In recent years, more and more young people have reported feeling anxious or depressed as a result of the dire warnings about climate change that are presented to them everywhere they look. Perhaps nowhere is this more prevalent than in institutions of higher learning.
In an attempt to address the mental health consequences of being constantly warned that the planet is on its last leg, there has been a push from within colleges and universities to provide climate change counseling services to students.
In 2020, members of the University of British Columbia’s Sustainability Initiative released a report detailing the relationship between climate change and mental health, offering a “systemic approach to action in post-secondary education.”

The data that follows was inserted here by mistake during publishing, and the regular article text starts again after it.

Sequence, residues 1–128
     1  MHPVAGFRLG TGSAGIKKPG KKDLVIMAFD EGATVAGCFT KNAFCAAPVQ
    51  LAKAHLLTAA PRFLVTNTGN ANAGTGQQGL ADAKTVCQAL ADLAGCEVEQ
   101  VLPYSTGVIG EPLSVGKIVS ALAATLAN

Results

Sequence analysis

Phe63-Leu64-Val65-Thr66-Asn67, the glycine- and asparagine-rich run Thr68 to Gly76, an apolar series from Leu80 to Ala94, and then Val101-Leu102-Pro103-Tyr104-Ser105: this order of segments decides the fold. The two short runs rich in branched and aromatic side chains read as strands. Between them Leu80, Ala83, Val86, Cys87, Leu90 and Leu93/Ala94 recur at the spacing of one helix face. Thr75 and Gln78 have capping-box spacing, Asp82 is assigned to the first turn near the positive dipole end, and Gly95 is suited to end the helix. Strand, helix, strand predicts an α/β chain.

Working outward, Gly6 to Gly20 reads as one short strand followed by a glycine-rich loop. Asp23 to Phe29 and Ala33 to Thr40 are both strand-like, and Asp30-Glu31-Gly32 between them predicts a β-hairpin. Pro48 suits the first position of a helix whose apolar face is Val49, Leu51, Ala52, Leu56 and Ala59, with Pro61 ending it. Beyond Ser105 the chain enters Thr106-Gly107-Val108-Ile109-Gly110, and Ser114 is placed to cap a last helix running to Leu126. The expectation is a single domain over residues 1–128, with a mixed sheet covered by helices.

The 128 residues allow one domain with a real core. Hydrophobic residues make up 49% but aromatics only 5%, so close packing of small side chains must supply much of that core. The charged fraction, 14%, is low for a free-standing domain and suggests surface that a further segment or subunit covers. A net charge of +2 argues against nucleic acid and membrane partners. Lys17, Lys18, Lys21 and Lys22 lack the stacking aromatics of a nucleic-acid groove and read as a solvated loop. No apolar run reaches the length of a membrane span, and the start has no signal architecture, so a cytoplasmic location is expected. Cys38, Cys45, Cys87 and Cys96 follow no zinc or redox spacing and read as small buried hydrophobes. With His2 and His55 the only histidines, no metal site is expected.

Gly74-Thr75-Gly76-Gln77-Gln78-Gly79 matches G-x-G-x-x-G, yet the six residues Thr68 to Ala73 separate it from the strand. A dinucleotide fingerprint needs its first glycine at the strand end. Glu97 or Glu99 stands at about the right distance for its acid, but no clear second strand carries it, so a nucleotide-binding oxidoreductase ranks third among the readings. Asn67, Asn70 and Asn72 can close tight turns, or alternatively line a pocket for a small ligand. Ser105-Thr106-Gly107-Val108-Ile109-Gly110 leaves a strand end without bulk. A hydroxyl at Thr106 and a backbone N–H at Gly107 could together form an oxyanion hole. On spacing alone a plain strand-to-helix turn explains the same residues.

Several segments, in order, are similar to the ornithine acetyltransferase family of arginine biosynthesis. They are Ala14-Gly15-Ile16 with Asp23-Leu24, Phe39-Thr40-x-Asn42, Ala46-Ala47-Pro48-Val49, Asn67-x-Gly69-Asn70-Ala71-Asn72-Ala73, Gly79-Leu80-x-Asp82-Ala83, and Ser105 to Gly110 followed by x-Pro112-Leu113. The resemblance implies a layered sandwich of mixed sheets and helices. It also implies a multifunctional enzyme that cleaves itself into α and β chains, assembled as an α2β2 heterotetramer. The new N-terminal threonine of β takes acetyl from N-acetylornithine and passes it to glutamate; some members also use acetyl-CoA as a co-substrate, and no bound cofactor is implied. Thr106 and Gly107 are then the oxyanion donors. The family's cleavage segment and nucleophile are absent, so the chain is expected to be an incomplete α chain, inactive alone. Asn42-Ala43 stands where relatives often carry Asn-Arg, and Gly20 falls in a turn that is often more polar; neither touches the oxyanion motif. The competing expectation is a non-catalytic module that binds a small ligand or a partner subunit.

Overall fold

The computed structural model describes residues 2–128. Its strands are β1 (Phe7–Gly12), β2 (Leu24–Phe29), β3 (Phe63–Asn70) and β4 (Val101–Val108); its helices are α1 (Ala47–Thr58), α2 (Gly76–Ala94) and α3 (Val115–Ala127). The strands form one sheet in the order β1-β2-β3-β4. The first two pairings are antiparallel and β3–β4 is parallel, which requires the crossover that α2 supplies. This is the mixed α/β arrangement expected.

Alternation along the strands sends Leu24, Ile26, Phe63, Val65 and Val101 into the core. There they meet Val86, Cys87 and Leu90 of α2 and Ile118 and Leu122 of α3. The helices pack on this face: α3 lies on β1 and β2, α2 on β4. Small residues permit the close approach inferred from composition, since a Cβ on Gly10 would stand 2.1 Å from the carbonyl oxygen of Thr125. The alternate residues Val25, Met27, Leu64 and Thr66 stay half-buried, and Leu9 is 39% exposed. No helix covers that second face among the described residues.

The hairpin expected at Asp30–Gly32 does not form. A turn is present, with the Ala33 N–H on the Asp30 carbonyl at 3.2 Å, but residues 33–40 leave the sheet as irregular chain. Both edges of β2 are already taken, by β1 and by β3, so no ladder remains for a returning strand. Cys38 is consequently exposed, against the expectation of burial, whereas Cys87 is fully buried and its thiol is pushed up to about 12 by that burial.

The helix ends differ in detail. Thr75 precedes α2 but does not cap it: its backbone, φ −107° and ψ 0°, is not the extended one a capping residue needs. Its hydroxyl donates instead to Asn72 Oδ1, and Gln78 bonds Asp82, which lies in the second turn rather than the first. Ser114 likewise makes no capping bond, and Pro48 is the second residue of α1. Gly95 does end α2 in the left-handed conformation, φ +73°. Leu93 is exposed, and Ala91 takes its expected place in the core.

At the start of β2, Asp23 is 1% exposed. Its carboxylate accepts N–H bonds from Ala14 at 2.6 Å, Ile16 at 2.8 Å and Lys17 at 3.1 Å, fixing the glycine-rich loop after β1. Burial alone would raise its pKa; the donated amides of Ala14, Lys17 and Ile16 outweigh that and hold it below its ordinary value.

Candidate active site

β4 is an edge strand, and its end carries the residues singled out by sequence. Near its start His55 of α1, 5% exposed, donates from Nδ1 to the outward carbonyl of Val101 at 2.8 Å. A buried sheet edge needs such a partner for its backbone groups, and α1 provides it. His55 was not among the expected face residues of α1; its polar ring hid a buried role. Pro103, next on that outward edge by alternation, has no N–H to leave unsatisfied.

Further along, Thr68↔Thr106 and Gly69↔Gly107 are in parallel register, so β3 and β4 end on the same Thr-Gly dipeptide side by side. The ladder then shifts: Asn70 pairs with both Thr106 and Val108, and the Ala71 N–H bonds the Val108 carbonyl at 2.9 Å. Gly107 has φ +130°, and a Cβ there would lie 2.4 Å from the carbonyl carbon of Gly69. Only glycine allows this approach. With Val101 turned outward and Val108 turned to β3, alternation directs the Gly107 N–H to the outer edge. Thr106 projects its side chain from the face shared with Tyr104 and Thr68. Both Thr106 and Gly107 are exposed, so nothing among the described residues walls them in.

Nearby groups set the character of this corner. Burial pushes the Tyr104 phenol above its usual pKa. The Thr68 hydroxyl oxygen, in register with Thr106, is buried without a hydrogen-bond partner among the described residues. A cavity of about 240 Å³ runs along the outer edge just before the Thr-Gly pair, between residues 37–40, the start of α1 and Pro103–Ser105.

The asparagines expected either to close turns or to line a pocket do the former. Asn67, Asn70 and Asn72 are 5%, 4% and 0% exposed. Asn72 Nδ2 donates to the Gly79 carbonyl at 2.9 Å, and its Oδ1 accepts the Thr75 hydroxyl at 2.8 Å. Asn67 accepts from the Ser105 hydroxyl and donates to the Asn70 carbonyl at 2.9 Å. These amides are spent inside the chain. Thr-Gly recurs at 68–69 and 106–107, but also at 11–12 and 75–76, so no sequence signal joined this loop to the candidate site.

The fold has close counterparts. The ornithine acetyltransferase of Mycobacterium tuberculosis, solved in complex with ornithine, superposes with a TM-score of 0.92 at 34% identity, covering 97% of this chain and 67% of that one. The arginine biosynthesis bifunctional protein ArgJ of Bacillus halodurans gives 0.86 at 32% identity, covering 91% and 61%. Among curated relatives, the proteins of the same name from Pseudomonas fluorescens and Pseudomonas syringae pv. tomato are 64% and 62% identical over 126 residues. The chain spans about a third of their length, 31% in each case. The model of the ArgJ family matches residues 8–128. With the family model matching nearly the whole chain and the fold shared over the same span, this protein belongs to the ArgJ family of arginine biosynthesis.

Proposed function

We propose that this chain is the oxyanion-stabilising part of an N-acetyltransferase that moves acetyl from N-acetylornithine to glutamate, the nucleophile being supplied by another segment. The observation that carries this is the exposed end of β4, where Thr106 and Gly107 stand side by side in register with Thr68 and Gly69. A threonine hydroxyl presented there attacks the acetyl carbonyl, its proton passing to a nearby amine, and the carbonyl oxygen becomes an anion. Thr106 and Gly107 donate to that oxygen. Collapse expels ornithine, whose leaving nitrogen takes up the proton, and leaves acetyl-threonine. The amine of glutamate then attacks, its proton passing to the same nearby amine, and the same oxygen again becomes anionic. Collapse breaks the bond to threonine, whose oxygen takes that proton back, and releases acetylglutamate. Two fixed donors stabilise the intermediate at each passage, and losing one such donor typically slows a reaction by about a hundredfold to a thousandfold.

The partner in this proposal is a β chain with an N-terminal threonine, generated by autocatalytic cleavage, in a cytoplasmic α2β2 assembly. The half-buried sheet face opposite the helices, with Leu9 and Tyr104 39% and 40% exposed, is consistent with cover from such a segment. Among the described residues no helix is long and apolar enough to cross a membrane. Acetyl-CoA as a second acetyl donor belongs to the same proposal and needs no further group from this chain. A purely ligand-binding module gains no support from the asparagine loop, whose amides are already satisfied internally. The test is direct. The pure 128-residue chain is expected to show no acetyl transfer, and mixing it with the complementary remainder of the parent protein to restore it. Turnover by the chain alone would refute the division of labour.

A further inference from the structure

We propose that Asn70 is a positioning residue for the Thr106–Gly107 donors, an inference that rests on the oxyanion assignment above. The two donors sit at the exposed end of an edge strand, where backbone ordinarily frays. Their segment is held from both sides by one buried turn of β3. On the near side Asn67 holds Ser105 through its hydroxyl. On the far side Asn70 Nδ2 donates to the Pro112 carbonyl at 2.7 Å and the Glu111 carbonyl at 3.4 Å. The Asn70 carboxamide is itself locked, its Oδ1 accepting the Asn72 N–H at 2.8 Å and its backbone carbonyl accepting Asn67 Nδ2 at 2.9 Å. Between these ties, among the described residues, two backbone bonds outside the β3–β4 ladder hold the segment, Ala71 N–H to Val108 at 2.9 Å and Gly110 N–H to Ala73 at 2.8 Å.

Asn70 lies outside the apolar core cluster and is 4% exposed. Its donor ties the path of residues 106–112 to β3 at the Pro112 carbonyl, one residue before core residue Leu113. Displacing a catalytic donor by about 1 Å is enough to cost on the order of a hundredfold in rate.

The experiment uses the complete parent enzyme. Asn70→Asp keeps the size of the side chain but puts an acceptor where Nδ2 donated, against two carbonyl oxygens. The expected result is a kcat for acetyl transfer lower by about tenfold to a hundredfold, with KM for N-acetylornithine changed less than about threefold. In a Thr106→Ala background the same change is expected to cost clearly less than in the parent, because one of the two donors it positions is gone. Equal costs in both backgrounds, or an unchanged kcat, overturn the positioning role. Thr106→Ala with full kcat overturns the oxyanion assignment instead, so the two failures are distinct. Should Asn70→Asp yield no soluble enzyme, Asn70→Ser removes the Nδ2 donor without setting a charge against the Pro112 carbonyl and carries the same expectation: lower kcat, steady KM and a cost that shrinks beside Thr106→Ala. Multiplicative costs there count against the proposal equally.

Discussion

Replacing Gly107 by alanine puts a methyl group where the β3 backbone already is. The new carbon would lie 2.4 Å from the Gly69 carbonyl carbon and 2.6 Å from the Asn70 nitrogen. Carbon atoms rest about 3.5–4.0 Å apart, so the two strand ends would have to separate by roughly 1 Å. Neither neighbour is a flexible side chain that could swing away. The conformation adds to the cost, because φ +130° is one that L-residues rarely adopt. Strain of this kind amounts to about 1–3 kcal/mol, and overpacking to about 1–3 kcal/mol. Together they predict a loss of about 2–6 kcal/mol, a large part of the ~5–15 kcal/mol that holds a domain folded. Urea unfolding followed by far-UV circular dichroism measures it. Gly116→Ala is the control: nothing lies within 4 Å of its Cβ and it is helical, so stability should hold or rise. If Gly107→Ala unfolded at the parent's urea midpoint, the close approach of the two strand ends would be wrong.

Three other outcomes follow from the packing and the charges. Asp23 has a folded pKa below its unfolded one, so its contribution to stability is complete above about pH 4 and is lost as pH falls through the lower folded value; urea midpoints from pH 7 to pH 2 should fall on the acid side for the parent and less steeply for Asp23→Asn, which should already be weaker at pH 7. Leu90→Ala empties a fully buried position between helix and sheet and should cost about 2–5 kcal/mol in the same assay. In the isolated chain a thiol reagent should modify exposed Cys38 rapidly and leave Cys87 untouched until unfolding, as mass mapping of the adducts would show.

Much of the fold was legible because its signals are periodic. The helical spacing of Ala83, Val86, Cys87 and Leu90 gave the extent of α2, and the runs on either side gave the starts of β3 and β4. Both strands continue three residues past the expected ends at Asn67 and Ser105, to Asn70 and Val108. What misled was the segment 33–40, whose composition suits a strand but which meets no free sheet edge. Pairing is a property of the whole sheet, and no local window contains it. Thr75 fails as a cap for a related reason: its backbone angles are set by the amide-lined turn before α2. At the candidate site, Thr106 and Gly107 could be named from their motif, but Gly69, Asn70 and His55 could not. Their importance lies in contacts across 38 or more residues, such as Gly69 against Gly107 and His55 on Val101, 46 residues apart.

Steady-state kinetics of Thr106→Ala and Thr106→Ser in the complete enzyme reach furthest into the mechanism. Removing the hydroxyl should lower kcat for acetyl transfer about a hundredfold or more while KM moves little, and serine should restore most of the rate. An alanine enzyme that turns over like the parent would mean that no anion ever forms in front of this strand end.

“Direct and indirect stressors from climate change,” they wrote, “as well as the overarching psychological and psychosocial challenges associated with acknowledging the magnitude of the crisis, lead to mental distress and disrupt mental health and wellbeing. Addressing the challenges that the climate crisis poses to mental health, and finding ways to live with and adapt to the overarching psychological and psychosocial weight of the crisis is needed to build healthy and resilient individuals and communities.” Read more…